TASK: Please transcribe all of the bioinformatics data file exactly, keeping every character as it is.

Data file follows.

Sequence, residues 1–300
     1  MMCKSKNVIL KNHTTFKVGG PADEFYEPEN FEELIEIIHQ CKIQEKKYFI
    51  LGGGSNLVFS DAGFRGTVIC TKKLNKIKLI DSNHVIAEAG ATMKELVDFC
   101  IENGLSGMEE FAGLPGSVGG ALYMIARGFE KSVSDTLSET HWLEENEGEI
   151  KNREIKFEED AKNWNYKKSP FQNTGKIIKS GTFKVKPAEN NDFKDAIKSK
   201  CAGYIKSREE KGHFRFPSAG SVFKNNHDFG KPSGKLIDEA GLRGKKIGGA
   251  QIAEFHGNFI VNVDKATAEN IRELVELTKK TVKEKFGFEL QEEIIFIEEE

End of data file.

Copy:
Sequence, residues 1–300
     1  MMCKSKNVIL KNHTTFKVGG PADEFYEPEN FEELIEIIHQ CKIQEKKYFI
    51  LGGGSNLVFS DAGFRGTVIC TKKLNKIKLI DSNHVIAEAG ATMKELVDFC
   101  IENGLSGMEE FAGLPGSVGG ALYMIARGFE KSVSDTLSET HWLEENEGEI
   151  KNREIKFEED AKNWNYKKSP FQNTGKIIKS GTFKVKPAEN NDFKDAIKSK
   201  CAGYIKSREE KGHFRFPSAG SVFKNNHDFG KPSGKLIDEA GLRGKKIGGA
   251  QIAEFHGNFI VNVDKATAEN IRELVELTKK TVKEKFGFEL QEEIIFIEEE